The first volume of Leander’s diary, now safely archived

In the first chapter of American Sympathy, my 2001 study of the literary representation of affection between men in the antebellum United States, I wrote about two genteel Quakers in late-18th-century Philadelphia who kept diaries recording their romantic friendship. Their names were John Fishbourne Mifflin and James Gibson, and they went by the cognomens of Leander and Lorenzo, respectively. Gibson’s diary and the second volume of Mifflin’s were, and still are, in the archives of the Historical Society of Pennsylvania. (Here’s a link to the catalog entry for the physical diaries, and one page of Leander/Mifflin’s diary has been digitized and is available online here. Rather cleverly, the page that the archivists chose to digitize is the one where Leander/Mifflin begins to describe a rather erotic dream that he had about Lorenzo/Gibson.)

I also had access to the first volume of Leander/Mifflin’s diary, through a photocopy that was loaned to me. This photocopy had been made by a bookseller decades earlier, while appraising a private individual’s collection. For safety’s sake, before returning this photocopy, I made a photocopy for myself. This turned out to be prudent, because the first-generation photocopy that I returned was later lost, and although the person who was thought to be the owner of the original manuscript graciously granted me permission to publish, he later told me that he had never been able to locate the original in his collection. Perhaps the bookseller had been mistaken in his memory of who owned the original. In any case, the second-generation photocopy that I had made became the only copy available to scholars.

Over the years, I sent reproductions of the photocopy to any scholar who asked, including Richard Godbeer, who wrote about the diarists in The Overflowing of Friendship (2013), and Sarah Knott, who wrote about them in Sensibility and the American Revolution (2009), but it made me nervous that I hadn’t made any provision about putting the photocopy into an archive somewhere. When my father-in-law passed away this January, I was reminded of the propriety of taking care of these things sooner rather than later, and at last I emailed the Historical Society of Pennsylvania to ask them if they would take custody of the photocopy. I’m happy to report that they said yes, I sent it, and it arrived safely. It doesn’t seem to be in their online catalog yet, but it’s there, if any scholar wants to consult it.

Of course I made a third-generation photocopy for myself, before I put the second-generation one in the mail.

Proposed alterations to the New York Public Library’s facade

New York City’s Landmarks Preservation Committee will hold a hearing on the New York Public Library’s proposal to change its facade on Tuesday, January 22, at 2pm, in its conference room on the ninth floor of 1 Centre Street. In advance of the hearing, details of the library’s proposal, as prepared by Foster + Partners, were on display today at the Landmarks Preservation Committee’s office, and I took photos, which I’ve uploaded here. Please note that these plans don’t reflect any of the changes that have been proposed for the interior of the building, because only the facade has landmark protection.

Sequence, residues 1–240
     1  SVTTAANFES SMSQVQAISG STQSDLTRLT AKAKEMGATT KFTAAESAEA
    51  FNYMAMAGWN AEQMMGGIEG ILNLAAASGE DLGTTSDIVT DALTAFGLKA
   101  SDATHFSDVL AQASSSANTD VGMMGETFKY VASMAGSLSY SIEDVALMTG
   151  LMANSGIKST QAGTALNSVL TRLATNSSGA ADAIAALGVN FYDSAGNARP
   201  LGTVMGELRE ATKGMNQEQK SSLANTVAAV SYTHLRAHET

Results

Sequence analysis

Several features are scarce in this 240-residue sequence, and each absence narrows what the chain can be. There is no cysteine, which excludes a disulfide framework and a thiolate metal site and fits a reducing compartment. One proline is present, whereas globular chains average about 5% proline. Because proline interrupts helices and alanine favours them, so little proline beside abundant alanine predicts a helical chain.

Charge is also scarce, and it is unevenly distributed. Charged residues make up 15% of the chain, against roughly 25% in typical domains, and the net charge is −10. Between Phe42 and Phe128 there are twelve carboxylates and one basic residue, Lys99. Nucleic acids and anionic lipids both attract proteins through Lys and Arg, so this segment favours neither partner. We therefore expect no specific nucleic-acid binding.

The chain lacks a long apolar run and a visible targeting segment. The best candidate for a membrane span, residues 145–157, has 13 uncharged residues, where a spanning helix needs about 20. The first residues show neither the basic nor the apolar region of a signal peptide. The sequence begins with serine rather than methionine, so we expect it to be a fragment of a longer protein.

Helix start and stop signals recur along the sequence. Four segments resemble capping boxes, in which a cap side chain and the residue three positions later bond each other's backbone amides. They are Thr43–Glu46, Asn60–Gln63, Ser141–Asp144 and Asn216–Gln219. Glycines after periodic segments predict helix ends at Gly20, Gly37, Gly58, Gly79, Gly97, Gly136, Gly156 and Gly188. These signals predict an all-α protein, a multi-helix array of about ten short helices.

How digitization can harm research

A hole made by a worm in a 15th century manuscript from the Dubrovnik archives, via @EmirOFilipovic
[On Friday, 26 October 2012, I spoke on a panel about libraries at In Re Books, a conference on law and the future of books hosted by the New York Law School. My talk was about how the digitization of books harms research. I think that New York Law School will be posting video of the conference in a few days, but in the meantime, here’s a version of my talk.]

Good afternoon. I’m here to play the role of Luddite. I’m going to talk about how the digitization of texts can slow and even harm research, which I believe is the traditional mission of libraries.

If digital texts were no more than supplements to printed texts, they wouldn’t threaten research at all. But in the real world, where budgets and resources are limited, the option of digital texts provokes change. I began to explore Luddism with a vengeance this past spring, when I found myself opposing the New York Public Library’s plan to consolidate its midtown Manhattan real estate by shipping most of the books in its research collection to New Jersey. I knew that offsite storage was a necessary evil, but evil, unfortunately, was the word. The New York Public Library’s books were supposed to be able to travel from New Jersey to Manhattan in two days, but they usually took three or four, and sometimes longer. The trustees, moreover, were proposing a proportion of offsite to onsite that was extreme. Of the 5 million books stored in the lion-adorned humanities library on 42nd Street, only 1.8 million were to remain. The library’s plan had been conceived in 2008, when the world was breathless with the promise of Google Books, but in 2011, Judge Denny Chin had killed a proposed settlement between Google Books and the Authors Guild. For the foreseeable future, copyright was going to keep most books out of digital circulation. A monkey, as he swings his way through the jungle, can see the next tree limb he needs to grab, but not always the tree limb after that. A scholar proceeds much the same way, finding in one book’s footnotes the name of the next book he needs to read. The New York Public Library’s consolidation plan threatened to slow scholars down to the speed of one tree limb every two or three days. That’s a slow monkey.